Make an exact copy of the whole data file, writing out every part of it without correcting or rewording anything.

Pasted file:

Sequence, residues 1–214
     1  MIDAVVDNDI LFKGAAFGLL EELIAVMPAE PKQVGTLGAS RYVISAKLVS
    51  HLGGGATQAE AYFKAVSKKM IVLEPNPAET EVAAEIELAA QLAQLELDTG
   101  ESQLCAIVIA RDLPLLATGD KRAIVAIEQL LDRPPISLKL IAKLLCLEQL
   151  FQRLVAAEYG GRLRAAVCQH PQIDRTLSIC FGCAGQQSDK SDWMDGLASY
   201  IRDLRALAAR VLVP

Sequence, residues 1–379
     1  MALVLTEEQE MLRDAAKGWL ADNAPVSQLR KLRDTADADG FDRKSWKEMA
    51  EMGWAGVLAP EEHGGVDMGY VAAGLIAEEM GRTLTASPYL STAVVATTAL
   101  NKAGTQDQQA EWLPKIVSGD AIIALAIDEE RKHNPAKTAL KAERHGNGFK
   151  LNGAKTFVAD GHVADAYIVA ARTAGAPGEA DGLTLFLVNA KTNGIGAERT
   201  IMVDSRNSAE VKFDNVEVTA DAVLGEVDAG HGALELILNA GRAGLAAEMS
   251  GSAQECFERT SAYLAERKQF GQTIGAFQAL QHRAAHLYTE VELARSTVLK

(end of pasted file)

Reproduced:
Sequence, residues 1–214
     1  MIDAVVDNDI LFKGAAFGLL EELIAVMPAE PKQVGTLGAS RYVISAKLVS
    51  HLGGGATQAE AYFKAVSKKM IVLEPNPAET EVAAEIELAA QLAQLELDTG
   101  ESQLCAIVIA RDLPLLATGD KRAIVAIEQL LDRPPISLKL IAKLLCLEQL
   151  FQRLVAAEYG GRLRAAVCQH PQIDRTLSIC FGCAGQQSDK SDWMDGLASY
   201  IRDLRALAAR VLVP

Sequence, residues 1–379
     1  MALVLTEEQE MLRDAAKGWL ADNAPVSQLR KLRDTADADG FDRKSWKEMA
    51  EMGWAGVLAP EEHGGVDMGY VAAGLIAEEM GRTLTASPYL STAVVATTAL
   101  NKAGTQDQQA EWLPKIVSGD AIIALAIDEE RKHNPAKTAL KAERHGNGFK
   151  LNGAKTFVAD GHVADAYIVA ARTAGAPGEA DGLTLFLVNA KTNGIGAERT
   201  IMVDSRNSAE VKFDNVEVTA DAVLGEVDAG HGALELILNA GRAGLAAEMS
   251  GSAQECFERT SAYLAERKQF GQTIGAFQAL QHRAAHLYTE VELARSTVLK